Latest from Stacey R. Ball Blog

Ideally, you would never resign from a job unless you were absolutely sure that you wanted to. But mistakes happen. Is it possible to “take back” (or rescind) your resignation after it has already been given? Submitting a Valid Resignation In order for this issue to even arise, you must have submitted a resignation. However, a resignation must meet certain requirements to be enforceable in the first place. If your resignation was not valid…
If your employment has been terminated without cause, you are entitled to either a notice period or to pay in lieu of such notice. The amount of notice varies depending on a number of different factors including your age, character of employment, and length of service, among others. In a decision earlier this year, the British Columbia Supreme Court considered another factor: inducement by your employer. That case was Younesi v. Kaz Minerals Projects…
Duty to Mitigate Overview Once dismissed, an employee assumes the duty to mitigate. This means they are expected to minimize their losses by making reasonable attempts to find alternative employment. The entire purpose of granting employees a reasonable notice of termination and notice period is to enable them to find new employment. It is only reasonable, therefore, to expect that they use their notice period actually searching for new employment. Importantly, the employee is not…
In response to the COVID-19 Pandemic, the Canadian government introduced the Canada Emergency Response Benefit (CERB). The goal was to provide financial support to employed and self-employed Canadians directly affected by the pandemic. Eligibility required, among other things, that applicants had stopped working as a consequence of the pandemic and did not quit their jobs voluntarily. If eligible, applicants could receive $500 a week for a maximum of 28 weeks (i.e., applicants could receive a…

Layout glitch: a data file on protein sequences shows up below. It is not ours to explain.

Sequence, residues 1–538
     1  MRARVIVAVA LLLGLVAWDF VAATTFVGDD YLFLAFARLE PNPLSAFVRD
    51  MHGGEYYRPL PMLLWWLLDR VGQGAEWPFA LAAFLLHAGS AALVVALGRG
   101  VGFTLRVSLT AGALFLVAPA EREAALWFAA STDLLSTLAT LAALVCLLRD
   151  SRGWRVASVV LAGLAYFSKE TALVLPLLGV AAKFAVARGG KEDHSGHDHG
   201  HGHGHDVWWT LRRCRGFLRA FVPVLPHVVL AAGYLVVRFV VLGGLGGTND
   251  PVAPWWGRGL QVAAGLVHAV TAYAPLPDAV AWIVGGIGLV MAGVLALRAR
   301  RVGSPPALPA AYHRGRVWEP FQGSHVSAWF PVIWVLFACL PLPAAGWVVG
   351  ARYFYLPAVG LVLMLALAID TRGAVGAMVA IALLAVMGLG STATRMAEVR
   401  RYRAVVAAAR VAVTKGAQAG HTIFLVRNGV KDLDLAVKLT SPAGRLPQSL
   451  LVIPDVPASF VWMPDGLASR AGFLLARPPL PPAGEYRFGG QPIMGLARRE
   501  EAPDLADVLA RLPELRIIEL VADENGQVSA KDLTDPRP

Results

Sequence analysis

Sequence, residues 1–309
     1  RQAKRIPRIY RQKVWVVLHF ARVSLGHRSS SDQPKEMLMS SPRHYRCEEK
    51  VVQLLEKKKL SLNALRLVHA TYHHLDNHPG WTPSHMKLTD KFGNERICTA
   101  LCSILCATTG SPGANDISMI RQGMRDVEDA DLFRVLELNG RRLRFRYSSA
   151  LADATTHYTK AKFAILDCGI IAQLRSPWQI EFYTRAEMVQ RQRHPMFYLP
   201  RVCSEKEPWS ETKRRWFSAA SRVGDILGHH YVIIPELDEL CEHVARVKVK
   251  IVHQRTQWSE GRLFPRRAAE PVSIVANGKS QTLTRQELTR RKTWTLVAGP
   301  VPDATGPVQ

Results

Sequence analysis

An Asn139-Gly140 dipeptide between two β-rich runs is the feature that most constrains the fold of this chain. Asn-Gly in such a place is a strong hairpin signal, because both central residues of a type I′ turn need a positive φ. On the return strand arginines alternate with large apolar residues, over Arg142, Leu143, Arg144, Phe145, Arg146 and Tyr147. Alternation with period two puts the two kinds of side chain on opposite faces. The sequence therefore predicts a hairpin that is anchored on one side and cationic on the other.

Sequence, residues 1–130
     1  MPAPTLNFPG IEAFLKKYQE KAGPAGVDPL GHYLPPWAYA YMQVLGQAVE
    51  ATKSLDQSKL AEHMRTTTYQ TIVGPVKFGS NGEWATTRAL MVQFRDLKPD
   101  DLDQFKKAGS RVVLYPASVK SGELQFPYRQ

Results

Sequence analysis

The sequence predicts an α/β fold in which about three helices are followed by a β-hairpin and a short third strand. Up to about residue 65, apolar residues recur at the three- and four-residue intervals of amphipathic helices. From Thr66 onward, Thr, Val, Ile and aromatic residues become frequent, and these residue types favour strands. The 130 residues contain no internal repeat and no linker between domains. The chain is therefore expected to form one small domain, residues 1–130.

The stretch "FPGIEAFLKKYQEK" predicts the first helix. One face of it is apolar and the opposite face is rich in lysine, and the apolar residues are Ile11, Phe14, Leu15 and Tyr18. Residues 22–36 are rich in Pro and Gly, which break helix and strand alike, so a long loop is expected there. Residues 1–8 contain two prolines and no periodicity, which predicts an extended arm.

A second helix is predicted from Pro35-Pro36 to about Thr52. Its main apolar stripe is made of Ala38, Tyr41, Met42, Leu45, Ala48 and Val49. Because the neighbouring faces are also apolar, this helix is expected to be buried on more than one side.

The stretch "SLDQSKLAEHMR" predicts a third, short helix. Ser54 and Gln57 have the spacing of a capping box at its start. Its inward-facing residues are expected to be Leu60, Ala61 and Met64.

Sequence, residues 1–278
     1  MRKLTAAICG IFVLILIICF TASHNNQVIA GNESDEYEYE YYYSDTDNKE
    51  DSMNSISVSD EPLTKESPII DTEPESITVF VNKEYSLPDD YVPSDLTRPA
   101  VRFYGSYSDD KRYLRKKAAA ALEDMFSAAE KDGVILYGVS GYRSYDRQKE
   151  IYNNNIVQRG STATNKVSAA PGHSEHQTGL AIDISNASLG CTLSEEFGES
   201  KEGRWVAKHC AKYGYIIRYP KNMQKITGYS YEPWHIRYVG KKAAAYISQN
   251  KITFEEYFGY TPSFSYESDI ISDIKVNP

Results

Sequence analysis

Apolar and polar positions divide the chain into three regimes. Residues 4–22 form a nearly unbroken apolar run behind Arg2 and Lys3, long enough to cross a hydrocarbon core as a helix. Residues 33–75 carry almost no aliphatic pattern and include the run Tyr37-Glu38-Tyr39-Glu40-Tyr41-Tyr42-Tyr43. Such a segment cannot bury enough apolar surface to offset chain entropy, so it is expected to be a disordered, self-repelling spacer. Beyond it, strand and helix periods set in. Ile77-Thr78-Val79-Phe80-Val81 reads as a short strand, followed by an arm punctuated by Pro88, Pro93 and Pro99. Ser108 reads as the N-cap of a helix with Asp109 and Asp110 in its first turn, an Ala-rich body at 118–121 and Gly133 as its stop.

It is hard to imagine a time where a steady income is more important than when you are bringing a child into the world. Being fired is already a stressful experience. Being fired while pregnant makes everything much, much worse. Thankfully, it appears Ontario Courts are aware of this. In a recent decision, discussed below, the Ontario Superior Court of Justice found that pregnancy may lengthen the notice period an employee is entitled to under…
Employment contracts are complicated documents. They need to be just right. Any mistake, however small, could potentially be catastrophic. Entering the wrong words, even so much as two, can have serious consequences. In Lamontagne v. J.L. Richards  Associates Ltd., 2021 ONSC 2133, a recent Ontario decision, this is exactly what happened. At issue in this case was the enforceability of a termination provision. Background Facts Ms. Lamontagne was the employee in this case. She was…
That’s it – you’ve had enough. You’re ready to quit your job. You know you’re supposed to tell your employer beforehand, but you’re not sure exactly when you’re required to do so. It is commonly believed that two weeks’ notice is required. However, this is not necessarily the case. As we will see, some employees may be required to give notice much further in advance than just two weeks. Is Notice Required At All? Just…
As an employer, you will come to find that there are many different kinds of employees. Some are hardworking, reliable, trustworthy and dependable. Others are not. You might decide that your business would be better off without employees who are unreliable, untrustworthy, underperforming and thus not dependable – in other words, incompetent. Of course, in Ontario employers are entitled to terminate their employees for any reason provided they are given either reasonable notice of termination
Even if you are happy with your current job, a day might come where you must choose between the job you have and a job being offered to you. This is already a difficult decision to make. It can become more difficult when you begin to wonder what your current employer might do if they found out. You might wonder whether or not they could fire you for receiving the job offer. Can they fire…
What is Insubordination? Insubordination, or disobedience, occurs where an employee intentionally refuses to obey an employer’s lawful and reasonable order. That order must be within the scope of the employee’s job duties. Examples of insubordination might include: a) Refusing to comply with an employer’s reasonable order to return to work; b) Consistently failing to arrive to work on time; c) Consistently abandoning your shift without permission; d) Refusing to carry out a necessary order when…